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The Mormon Moment or the Mormon Question?

Craig L. Foster

Well, over a week has passed since the presidential elections and a number of us have had more than enough to say about the elections, potential  fall out, continuing reverberations and what’s next. Some comments have been insightful, others snarky (certainly on my part and more than once), and still others powerfully emotional.

Much has been said about Mitt Romney’s presidential quest being the capstone or culmination of the so-called Mormon Moment in which we Latter-day Saints have popped up everywhere in political and pop-culture, thus making non-Mormons wonder if they have been invaded by a multitude of Mormons. And no wonder.  We have the vulgar, unquestionably blasphemous audacity of “The Book of Mormon Musical” juxtaposed by the simple, rather imaginative “I’m a Mormon” campaign that has spread across America reminding people that Mormons are no longer just a small sect in the Intermountain West.

Now that Romney’s presidential campaign has ended in defeat, questions have arisen as to whether or not this is the end of the Mormon Moment. I personally do not think it is. I believe the Mormon Moment will continue as the LDS Church continues to grow and gains a greater presence on the American stage. I see both pros and cons to a continuing Mormon Moment but  will leave those for another time.

Instead, I would like to discuss the heart of my little essay. In the midst of the Mormon Moment the Mormon Question still lurked in the background, every so often raising its ugly head. The Mormon Question is:  Can a Mormon be trusted to be president of the United States? Back in 1960 John F. Kennedy finally put the Catholic Question to rest with his election to the presidency. While other Mormons have run for president of the United States, Mitt Romney came the closest to achieving that goal and was within reach of ending the Mormon Question but that task now remains for a future Mormon presidential candidate.

On a personal note, because I authored A Different God? Mitt Romney, the Religious Right and the Mormon Question (2008) and co-authored The Mormon Quest for the Presidency: From Joseph Smith to Mitt Romney and Jon Huntsman (2011), I have carefully followed the presidential campaigns, paying special attention to the role religion played. In some ways, it was a very long journey with both positive and negative experiences as I encountered both good and bad media representations of Mormonism. In the middle of all of the reflections and recriminations regarding the recent elections, I realized, first as a passing thought and then as a strong feeling of relief and perhaps a little bit of “what if” – at least I won’t be wallowing through the compost of anti-Mormonism that would have surely followed Mitt Romney through his entire presidency.  In spite of some Mormons and non-Mormons trumpeting the lack of religion in the recent campaigns, there was, nonetheless, a definite undercurrent of anti-Mormonism. While both the Obama and Romney campaigns refrained from blatantly playing the religion card on each other, there were plenty of others willing to do so.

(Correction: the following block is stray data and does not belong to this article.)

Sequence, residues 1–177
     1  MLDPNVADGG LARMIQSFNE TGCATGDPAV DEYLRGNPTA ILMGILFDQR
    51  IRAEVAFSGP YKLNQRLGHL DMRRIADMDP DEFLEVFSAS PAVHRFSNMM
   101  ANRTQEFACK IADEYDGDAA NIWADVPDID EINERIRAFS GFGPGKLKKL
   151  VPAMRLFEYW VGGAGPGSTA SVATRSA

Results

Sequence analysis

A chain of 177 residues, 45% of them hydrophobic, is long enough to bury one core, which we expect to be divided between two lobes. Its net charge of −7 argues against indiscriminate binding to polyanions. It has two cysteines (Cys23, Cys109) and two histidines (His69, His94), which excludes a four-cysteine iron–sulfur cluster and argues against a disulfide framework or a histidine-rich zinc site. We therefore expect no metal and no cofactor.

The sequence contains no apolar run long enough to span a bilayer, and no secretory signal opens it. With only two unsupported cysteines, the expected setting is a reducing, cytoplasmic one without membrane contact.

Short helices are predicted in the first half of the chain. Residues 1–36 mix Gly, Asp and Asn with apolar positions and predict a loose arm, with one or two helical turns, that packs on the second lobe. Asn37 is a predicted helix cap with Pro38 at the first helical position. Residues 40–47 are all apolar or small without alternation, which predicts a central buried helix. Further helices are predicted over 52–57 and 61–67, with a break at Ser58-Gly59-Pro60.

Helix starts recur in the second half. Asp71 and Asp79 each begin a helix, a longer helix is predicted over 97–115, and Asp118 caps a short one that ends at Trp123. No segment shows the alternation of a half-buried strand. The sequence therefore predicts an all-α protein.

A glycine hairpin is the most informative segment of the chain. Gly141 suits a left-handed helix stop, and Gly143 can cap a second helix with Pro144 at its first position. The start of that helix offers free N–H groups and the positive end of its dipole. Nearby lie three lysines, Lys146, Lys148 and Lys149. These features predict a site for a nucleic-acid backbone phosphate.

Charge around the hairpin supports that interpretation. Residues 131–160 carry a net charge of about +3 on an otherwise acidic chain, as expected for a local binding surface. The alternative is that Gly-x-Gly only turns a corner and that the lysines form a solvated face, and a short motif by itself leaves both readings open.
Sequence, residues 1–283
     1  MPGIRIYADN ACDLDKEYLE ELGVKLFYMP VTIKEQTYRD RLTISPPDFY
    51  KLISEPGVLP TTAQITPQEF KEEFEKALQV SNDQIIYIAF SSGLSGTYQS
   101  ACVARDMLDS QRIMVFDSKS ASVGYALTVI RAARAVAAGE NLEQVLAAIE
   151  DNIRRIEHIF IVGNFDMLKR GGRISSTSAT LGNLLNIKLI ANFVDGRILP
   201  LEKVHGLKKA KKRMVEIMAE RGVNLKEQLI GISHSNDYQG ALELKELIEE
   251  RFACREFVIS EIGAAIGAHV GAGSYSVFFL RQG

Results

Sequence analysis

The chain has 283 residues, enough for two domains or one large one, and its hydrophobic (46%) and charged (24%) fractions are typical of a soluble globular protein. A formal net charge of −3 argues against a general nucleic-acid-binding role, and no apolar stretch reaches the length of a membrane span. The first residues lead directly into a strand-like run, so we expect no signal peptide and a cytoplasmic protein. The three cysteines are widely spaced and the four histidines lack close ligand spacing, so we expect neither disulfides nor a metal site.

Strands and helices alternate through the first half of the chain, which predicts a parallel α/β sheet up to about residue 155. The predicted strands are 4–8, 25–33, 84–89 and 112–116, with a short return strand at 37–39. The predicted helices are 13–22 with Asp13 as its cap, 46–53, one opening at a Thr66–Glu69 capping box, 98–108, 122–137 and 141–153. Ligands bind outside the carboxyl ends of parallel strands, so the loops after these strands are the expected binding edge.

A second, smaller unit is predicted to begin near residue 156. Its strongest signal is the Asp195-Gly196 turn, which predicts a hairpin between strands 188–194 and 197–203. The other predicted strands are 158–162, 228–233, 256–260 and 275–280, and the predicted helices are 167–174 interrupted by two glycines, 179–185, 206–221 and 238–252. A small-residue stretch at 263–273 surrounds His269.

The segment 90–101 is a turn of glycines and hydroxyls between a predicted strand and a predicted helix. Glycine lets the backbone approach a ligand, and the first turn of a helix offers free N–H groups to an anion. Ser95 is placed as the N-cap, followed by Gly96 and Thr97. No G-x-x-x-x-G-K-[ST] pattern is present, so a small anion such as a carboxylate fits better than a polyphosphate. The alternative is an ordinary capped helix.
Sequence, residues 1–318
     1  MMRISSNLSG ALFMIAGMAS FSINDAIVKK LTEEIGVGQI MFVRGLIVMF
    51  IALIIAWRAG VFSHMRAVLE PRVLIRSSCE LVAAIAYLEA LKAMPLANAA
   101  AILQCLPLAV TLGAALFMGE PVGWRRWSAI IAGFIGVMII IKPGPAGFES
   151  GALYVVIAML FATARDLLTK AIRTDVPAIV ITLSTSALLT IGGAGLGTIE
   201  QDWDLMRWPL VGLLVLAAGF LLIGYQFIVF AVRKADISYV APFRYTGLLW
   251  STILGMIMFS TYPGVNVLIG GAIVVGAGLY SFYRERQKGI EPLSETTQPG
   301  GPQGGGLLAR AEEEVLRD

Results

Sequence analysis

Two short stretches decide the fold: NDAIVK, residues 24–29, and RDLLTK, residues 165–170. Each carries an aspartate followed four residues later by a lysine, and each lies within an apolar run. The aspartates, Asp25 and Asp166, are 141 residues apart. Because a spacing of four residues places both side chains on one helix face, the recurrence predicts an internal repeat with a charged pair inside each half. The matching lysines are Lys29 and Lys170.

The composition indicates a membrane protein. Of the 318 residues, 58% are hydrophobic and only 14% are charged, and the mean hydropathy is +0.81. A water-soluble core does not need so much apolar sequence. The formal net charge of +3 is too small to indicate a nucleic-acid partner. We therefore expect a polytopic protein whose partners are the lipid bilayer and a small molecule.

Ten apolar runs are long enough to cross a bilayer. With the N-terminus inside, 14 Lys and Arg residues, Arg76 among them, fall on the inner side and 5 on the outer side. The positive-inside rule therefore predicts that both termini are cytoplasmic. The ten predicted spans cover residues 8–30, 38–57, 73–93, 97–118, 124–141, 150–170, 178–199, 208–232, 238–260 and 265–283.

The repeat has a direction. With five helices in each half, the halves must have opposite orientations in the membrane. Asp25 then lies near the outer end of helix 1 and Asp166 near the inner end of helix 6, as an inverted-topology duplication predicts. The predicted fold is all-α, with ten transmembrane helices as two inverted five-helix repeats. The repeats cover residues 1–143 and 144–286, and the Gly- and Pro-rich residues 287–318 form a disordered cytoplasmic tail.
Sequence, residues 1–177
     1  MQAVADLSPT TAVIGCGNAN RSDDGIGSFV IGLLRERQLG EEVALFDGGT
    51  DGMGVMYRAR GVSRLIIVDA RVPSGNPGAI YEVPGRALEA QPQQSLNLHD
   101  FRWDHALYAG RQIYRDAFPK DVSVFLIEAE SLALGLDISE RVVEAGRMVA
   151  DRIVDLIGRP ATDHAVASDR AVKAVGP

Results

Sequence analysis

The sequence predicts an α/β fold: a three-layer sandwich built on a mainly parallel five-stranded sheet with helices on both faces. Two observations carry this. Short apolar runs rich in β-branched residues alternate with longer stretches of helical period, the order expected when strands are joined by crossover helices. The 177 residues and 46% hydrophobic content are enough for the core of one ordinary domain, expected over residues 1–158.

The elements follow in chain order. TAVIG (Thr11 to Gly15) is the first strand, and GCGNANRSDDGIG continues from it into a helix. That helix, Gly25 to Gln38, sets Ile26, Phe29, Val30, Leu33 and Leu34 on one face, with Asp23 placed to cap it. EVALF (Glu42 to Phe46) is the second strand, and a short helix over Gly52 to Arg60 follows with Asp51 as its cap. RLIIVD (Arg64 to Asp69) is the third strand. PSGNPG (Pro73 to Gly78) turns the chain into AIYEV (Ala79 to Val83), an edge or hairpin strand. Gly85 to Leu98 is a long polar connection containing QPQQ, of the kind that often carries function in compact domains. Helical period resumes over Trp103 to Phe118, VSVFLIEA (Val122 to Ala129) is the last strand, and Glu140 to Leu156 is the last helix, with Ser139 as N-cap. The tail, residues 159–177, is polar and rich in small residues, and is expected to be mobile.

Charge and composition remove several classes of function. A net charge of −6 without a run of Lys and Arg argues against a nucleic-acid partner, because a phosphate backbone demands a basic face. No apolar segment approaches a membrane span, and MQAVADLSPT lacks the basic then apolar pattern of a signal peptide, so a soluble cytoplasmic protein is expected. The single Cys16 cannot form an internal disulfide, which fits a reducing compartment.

From the malevolent mocking of Bill Maher and the ranting ridicule of Lawrence O’Donnell to the warnings of cultism and theological theatrics of reverends like Robert Jeffress, Joel McDurmon and the unctuous Bill Keller, there have been too many too willing to attack, belittle, complain about and make fun of Mormon doctrine, history and culture. For well over a year now I have followed, collected and commented on the almost daily discussion of Mitt Romney’s Mormonism. While there have certainly been positive, almost effusively complimentary stories, as well as a great number of even-handed analyses, there have also been a host of hateful, mean-spirited, bigoted articles, blogs, rants, and comments in all forms of media.

There have been a multitude of jokes and snide comments that relied on tired clichéd stereotypes.  Mormon magic underwear, polygamy, Mormons refraining from drinking, the temple ceremony, Kolob, and a number of other doctrines were routinely brought up. There were also numerous reminders of when Blacks did not hold the priesthood (in spite of that policy being changed 34 years ago) and about the Mountain Meadows Massacre ( which took place 155 years ago). But what the heck, the LDS Church has not officially practiced plural marriage (polygamy) for over 120 years and I cannot tell you how many articles, blogs, online comments and tweets I saw mentioning Mitt Romney’s polygamous ancestors and then suggesting there would be in the White House a First Lady, Second Lady, Third Lady, etc.